be suitable for tossing onto a DVD.

Later, you copy them off into a staging folder,
and "unzip" them creating a monolithic folder
or file you started with.

You're not forced to use software that segments
and writes to DVD as your only tool. You can do
hard drive style backups, and segment them as
a separate step, then transfer to DVD.

For maximum flexibility, it helps to have a large
hard drive, to "massage" data in this way, and
change it to suit the situation.

And you don't have to use DVD either. Bluray
are available in 25GB and 100GB size. There's
even an MDisc version of 100GB BR storage media.
But you'll have to be a rich guy to afford media
like that, as the manufacturer has decreed that
even though the manufacturing cost is the same, the
media (byte for byte) must be as expensive as DVD.
You could easily end up spending $100 to back up
a small hard drive doing that. DVD has the advantage
of granularity, but also with the need to "keep
flippin the discs in" to finish the job. Which
I find... maddening.

Paul
ultred ragnusen
2018-02-27 05:14:17 UTC
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Post by Paul
A more important question is *why* you're doing that.
You have to remember that I'm not backing up what /most/ people back up.
Most people back up the "image" and they back it up to a large HDD of some
sort.

I'm backing up individual data files, and they go to a DVD disc.

For me, rsync would work just fine, and in fact, some day, I'll figure out
what works like rsync on Windows since that's the most efficient.
Post by Paul
You can back up using regular backup software, and
make the folder or file any size you like.
Nope. The last thing I want is to have /multiple/ discs where I've been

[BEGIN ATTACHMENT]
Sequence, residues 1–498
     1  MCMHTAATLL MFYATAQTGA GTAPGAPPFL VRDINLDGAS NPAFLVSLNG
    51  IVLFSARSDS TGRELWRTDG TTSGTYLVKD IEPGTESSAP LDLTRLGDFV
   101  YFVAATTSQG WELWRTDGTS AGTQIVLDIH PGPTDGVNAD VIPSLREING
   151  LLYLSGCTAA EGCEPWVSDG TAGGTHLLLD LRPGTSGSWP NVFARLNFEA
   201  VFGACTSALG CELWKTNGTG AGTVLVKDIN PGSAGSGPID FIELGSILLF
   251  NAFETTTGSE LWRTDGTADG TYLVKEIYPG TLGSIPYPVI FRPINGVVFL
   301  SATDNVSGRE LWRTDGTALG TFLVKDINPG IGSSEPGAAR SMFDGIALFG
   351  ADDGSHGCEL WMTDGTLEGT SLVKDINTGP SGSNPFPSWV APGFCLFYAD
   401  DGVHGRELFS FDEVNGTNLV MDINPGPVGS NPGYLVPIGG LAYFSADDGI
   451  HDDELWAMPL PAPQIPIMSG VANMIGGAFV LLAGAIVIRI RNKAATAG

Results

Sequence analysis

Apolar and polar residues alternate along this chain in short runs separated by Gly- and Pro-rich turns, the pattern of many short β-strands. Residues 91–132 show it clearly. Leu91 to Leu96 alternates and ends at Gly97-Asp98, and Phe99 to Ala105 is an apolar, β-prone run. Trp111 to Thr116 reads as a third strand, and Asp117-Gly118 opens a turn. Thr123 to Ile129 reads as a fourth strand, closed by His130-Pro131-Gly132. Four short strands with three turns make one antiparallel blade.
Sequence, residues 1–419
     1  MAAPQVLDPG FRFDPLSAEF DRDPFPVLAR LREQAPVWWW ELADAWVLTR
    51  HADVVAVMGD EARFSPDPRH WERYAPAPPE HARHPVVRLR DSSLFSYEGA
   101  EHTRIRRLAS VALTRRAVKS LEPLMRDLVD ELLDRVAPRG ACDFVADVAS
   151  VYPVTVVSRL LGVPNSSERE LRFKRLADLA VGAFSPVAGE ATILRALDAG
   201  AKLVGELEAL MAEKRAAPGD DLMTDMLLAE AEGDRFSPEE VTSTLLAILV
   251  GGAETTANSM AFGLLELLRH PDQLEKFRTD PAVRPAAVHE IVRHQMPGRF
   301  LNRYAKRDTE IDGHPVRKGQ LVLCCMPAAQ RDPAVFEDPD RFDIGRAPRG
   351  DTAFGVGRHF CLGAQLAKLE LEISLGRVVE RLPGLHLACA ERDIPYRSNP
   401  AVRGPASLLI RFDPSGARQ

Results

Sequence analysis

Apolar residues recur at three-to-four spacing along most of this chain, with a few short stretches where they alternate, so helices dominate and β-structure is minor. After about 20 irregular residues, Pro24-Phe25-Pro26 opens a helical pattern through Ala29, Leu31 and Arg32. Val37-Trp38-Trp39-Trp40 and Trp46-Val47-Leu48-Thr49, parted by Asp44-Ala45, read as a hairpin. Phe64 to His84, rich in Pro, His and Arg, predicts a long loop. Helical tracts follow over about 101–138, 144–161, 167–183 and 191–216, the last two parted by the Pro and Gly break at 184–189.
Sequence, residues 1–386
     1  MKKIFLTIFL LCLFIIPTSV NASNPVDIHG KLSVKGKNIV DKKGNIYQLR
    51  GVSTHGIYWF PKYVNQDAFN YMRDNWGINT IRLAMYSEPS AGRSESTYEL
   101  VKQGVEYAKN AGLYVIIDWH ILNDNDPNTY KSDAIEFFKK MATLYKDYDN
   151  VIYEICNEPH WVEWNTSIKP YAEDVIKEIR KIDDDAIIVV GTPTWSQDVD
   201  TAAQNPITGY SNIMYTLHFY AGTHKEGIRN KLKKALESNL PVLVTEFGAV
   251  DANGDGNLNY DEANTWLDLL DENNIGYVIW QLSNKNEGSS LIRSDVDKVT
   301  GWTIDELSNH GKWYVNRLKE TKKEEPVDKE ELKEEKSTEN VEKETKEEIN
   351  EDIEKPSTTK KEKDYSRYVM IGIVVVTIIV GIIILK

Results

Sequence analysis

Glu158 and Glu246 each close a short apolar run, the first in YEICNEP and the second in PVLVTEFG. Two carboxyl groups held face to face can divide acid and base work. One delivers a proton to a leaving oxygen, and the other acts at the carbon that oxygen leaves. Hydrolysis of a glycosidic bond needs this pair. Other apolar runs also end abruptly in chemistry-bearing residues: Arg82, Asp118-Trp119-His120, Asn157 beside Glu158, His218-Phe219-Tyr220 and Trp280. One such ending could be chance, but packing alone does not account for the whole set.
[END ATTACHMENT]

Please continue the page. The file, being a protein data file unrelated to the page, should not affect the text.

though that drill of one third your stuff on disc 1 and one third on disc 2
and one third on disc 3 where you have to pop in all the discs just to find
what you're lookign for, and Lord help you if you lose one of the discs in
the sequence as the entire sequence is screwed up.

Maybe the software is better nowadays, but I simply want to back up stuff
to DVD /WITHOUT/ having to worry about it spilling over from disc1 to
disc2.

The easiest way to do that, AFAIK, is to keep the data in separate 4.3GB
directories, where the directory can be backed up to its own DVD disc.
Post by Paul
Then, using 7ZIP (or other ZIP packages also have this feature),
you can make a .zip or .7z in "Store" mode. That means no
compression and it's almost like the file is just a TAR
(tape archive) style of file.
I'm sick of compressed files not uncompressing when you need them.
I'm an old man. I am sick of all the fancy solutions.
I want to keep it simple. KISS simple.

One directory, one DVD.
Post by Paul
Next, look for a tick box in the interface, that says
it's going to "segment" the .zip .
Yikes. That's exactly what I wish to avoid.
Post by Paul
It will make .zip.01
.zip.02 .zip.03, and each file is no larger than the limit
you set. If you made them "DVD size", then each file would
be suitable for tossing onto a DVD.
Yuck. You don't know how many times I've been burned by crap like that.
Post by Paul
Later, you copy them off into a staging folder,
and "unzip" them creating a monolithic folder
or file you started with.
It's been a long time since I deallt with stitching files back together.
Been there. Done that. Don't wanna ever do it again. :)
Post by Paul
You're not forced to use software that segments
and writes to DVD as your only tool. You can do
hard drive style backups, and segment them as
a separate step, then transfer to DVD.
Nope. I don't want anything manual other than the minimum, which, with my